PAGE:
Capnography is the monitoring of the concentration or partial pressure of carbon dioxide
(CO2) in the respiratory gases. Its main development has been as a monitoring tool for use during anesthesia and intensive care. It is usually presented as a graph of expiratory CO2 (measured in millimeters of mercury, "mmHg") plotted against time, or, less commonly, but more usefully, expired volume. The plot may also show the inspired CO
2, which is of interest when rebreathing systems are being used.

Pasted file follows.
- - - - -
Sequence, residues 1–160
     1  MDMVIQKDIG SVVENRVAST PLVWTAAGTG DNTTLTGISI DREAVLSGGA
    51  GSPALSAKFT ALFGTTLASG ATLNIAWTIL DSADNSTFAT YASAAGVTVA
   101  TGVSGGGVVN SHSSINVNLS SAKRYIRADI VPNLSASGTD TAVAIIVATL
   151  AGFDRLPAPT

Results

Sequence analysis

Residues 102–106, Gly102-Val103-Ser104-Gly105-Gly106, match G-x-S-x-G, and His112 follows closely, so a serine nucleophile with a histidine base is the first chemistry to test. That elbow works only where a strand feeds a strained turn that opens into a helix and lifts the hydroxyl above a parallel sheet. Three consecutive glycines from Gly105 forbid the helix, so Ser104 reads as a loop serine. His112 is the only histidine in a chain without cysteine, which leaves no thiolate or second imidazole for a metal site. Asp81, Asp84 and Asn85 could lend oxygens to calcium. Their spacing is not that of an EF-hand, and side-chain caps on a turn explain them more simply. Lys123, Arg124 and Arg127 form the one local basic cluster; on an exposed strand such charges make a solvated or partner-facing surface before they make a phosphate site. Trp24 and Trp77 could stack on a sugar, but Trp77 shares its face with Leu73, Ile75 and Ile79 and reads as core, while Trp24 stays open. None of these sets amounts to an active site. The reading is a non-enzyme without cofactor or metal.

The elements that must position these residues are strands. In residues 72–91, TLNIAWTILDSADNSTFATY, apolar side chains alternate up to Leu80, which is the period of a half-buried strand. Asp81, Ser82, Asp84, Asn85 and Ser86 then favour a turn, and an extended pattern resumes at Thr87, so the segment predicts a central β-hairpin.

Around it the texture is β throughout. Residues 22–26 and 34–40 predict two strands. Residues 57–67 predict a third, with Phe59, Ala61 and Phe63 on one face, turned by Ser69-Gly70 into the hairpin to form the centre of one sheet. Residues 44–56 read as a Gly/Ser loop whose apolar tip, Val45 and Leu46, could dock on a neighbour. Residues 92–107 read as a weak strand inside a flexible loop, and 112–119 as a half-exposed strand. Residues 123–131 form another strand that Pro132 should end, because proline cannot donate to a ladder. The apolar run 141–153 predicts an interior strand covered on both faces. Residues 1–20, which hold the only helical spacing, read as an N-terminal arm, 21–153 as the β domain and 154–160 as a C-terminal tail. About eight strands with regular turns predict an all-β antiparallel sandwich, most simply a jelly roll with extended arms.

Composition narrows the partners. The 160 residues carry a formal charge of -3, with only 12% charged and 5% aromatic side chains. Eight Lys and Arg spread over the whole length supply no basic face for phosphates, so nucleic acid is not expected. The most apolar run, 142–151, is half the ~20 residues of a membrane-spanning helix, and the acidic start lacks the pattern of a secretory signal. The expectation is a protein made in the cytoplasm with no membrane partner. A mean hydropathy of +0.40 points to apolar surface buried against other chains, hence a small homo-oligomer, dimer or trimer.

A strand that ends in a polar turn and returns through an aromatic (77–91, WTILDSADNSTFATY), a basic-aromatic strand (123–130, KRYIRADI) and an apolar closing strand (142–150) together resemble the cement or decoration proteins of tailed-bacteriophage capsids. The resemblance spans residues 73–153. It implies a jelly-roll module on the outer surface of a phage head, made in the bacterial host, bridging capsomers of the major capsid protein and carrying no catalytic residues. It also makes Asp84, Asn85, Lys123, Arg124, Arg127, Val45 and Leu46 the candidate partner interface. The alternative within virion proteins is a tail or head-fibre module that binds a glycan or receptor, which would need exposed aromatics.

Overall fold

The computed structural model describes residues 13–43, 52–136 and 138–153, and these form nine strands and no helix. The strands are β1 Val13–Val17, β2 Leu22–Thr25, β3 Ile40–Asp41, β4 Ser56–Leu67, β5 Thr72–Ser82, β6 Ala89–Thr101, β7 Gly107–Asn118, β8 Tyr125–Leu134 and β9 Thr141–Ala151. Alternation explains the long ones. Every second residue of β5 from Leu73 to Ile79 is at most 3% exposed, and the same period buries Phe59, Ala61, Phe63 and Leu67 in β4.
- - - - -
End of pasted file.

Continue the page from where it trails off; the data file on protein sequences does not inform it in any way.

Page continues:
The capnogram is a direct monitor of the inhaled and exhaled concentration or partial pressure of CO2, and an indirect monitor of the CO2 partial pressure in the arterial blood. In healthy individuals, the difference between arterial blood and expired gas CO2 partial pressures is very small. In the presence of most forms of lung disease, and some forms of congenital heart disease (the cyanotic lesions) the difference between arterial blood and expired gas increases and can exceed 1 kPa.